In May of 2017, Facebook made a few adjustments to the user experience that should serve as a major sign of things to come. Users started noticing changes to Facebook’s video features, primarily sound automatically playing when a video was started, and videos being interrupted in the middle by ads (which is like, super annoying).
These changes were considered setbacks as far as UX goes, which made it clear that Facebook was shifting towards a prioritization of video advertisers. And why not? At the time, they were already one of the largest platforms in the world in terms of video viewership. Over the past few years, the tech giant has rolled out several more updates/new features, in an attempt to compete with YouTube as the king of online video content.
What video features have they introduced?
Facebook Live: On of the heels of successful livestreaming platforms such as Twitch and Periscope, Facebook’s live streaming feature was rolled out to all users mid-2016. Individual users or brand pages can go live for up to 4 hours, and the broadcast will either disappear or be saved as a video post. This feature has been highly recommended for brands after the “meaningful engagement” algorithm changes early 2018.
Facebook Watch: About a year ago, this video on-demand service was launched. It’s a feature that aggregates videos from different content partners, and makes video recommendations based on the user’s browsing history (sound familiar?). Facebook immediately started producing original content for Watch, and is continuing to build out features within this platform such as Watch Parties. A few weeks ago, Instagram rolled out IGTV, their own version of a customized video on-demand platform.
IGTV: Ever get sucked into your Instagram Stories and realize you’ve been watching them for as long as you’d normally watch an old school TV show? Facebook’s counting on it. In June they launched a separate app to complement Instagram, known as IGTV. It’s an ideal place for long-form content. All videos are full-screen and vertical so your editors can look forward to adding another format to their list of specs.
Up Next: In 2016, Facebook created one of the most evil inventions to those up us with difficult focusing. When a video finishes playing, a new one automatically begins that is usually loosely related to the video you just completed. This can result in the same kind of “rabbit hole” effect that YouTube has, causing users to spend a lot more time watching videos than originally intended.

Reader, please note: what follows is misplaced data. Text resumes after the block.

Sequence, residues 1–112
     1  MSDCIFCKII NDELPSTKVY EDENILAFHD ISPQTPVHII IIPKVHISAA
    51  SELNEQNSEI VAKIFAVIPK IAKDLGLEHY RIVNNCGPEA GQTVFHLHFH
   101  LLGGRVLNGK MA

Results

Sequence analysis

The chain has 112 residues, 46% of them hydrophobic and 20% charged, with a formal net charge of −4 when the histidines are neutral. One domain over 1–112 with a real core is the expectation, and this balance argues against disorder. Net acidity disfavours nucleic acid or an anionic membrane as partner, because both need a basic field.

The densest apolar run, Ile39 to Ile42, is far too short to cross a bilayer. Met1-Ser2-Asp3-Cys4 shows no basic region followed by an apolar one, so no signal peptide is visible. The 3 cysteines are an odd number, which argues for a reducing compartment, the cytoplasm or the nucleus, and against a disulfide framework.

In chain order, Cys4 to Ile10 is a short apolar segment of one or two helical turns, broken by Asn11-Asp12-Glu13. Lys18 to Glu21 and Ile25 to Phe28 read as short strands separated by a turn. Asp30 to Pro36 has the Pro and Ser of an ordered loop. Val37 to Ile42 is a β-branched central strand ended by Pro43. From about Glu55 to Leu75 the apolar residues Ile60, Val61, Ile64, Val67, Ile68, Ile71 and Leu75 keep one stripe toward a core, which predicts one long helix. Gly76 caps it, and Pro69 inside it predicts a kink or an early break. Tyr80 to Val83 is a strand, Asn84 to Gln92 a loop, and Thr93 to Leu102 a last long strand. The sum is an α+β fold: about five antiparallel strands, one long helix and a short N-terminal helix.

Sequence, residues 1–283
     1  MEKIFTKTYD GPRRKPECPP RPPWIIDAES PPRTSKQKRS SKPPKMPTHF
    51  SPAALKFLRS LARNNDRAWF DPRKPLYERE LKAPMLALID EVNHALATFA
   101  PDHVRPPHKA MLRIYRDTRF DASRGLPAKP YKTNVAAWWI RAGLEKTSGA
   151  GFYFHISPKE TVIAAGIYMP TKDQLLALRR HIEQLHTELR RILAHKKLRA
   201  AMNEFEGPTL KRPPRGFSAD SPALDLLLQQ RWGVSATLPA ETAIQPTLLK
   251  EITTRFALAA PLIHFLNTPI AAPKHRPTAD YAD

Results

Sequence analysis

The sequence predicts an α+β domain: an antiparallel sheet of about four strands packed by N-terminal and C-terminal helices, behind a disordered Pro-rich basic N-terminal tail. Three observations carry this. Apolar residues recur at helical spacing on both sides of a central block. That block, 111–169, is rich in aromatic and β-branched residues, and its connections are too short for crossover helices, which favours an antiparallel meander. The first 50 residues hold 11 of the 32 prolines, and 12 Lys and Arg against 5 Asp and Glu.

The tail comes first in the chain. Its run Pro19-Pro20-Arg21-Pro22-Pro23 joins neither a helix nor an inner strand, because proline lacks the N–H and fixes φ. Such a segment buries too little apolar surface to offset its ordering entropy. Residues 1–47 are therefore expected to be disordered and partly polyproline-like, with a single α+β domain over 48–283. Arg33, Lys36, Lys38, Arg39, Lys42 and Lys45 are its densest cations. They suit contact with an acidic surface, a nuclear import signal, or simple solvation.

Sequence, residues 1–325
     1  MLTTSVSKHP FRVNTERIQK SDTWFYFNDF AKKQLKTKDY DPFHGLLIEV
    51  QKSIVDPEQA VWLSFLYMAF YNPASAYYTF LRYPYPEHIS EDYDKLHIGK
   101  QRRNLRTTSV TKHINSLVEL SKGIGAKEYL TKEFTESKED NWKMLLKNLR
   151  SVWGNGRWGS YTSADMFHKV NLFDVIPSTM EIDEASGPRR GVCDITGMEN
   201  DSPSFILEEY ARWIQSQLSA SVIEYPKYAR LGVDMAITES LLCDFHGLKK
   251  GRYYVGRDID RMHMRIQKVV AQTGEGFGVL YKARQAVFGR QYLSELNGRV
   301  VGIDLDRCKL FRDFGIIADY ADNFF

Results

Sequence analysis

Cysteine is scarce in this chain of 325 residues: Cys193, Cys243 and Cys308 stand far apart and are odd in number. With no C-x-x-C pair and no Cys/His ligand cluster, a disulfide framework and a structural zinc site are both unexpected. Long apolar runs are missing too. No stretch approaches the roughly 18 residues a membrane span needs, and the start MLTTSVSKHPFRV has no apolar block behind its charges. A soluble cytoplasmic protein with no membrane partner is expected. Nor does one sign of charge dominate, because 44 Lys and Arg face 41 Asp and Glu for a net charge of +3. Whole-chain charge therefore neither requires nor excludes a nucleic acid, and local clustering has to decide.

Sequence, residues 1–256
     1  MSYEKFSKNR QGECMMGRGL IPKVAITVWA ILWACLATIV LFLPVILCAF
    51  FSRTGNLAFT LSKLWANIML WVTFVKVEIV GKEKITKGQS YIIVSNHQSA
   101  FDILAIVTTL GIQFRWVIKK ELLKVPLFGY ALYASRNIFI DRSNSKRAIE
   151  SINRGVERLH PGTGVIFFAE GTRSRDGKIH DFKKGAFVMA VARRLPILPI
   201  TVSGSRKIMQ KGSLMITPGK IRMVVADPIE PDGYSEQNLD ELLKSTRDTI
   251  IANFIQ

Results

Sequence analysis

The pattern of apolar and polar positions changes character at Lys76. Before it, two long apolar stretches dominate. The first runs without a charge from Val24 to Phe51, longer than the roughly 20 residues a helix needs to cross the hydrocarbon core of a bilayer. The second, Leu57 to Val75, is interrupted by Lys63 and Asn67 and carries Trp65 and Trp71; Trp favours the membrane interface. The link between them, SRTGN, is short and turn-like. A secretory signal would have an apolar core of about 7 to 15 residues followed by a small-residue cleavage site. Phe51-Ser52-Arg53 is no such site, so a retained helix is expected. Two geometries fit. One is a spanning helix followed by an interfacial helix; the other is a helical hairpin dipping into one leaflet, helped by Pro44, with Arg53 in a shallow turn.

Video Ad Changes: In addition to UX changes, Facebook also made some concessions for video advertisers. As mentioned, mid-roll video was the most notable and frustrating change. Users find mid-roll ads very annoying, and although it can increase your reach inexpensively, brands should consider whether that’s worth irritating potential customers. (Spoiler: IT’S NOT.) Video ads/posts also tend to have a lower CPM than static content, indicating that Facebook is favoring brands that ad to their video ecosystem. Constantly rolling out new tweaks such as interactive video, auto-captions, and augmented reality, Facebook is pulling out all the stops to ensure that brands do not neglect Facebook in their video content strategy.
What does this mean for marketers?
Regardless of how people feel about Facebook, it’s hard to bet against them. While YouTube is still well ahead in terms of video viewership, Facebook has grown rapidly, with users viewing 100 million hours of content daily (approximately 1 billion hours on YouTube). It’s also important to remember that the average time spent per video is 10 seconds on Facebook. YouTube is used more like a search engine, while Facebook video discovery is more spontaneous. Therefore, users are more accustomed to looking for long-form content on YouTube, but on Facebook you only have a few seconds to make a good first impression. Last but not least, remember, the best practices and specs of all these platforms are wildly different, meaning you need to create versions of your content for each channel. Do not spray out one version across channels! It will do more harm than good.
With Facebook’s aggressive move into the video space, it is crucial for marketers to understand that the same video strategy isn’t going to work across Facebook, Instagram, YouTube etc. For more information on how you can adjust your content to each channel appropriately, feel free to reach out to email@example.com.
MOREJune 24, 2018
Facebook Takes Over the World: Social Video Edition
In May of 2017, Facebook made a few adjustments to the user experience that should serve as a major sign of things to come. Users started noticing changes to Facebook’s video features, primarily sound automatically playing when a video was started, and videos being interrupted in the middle by ads (which is like, super annoying). These changes were considered setbacks…Read More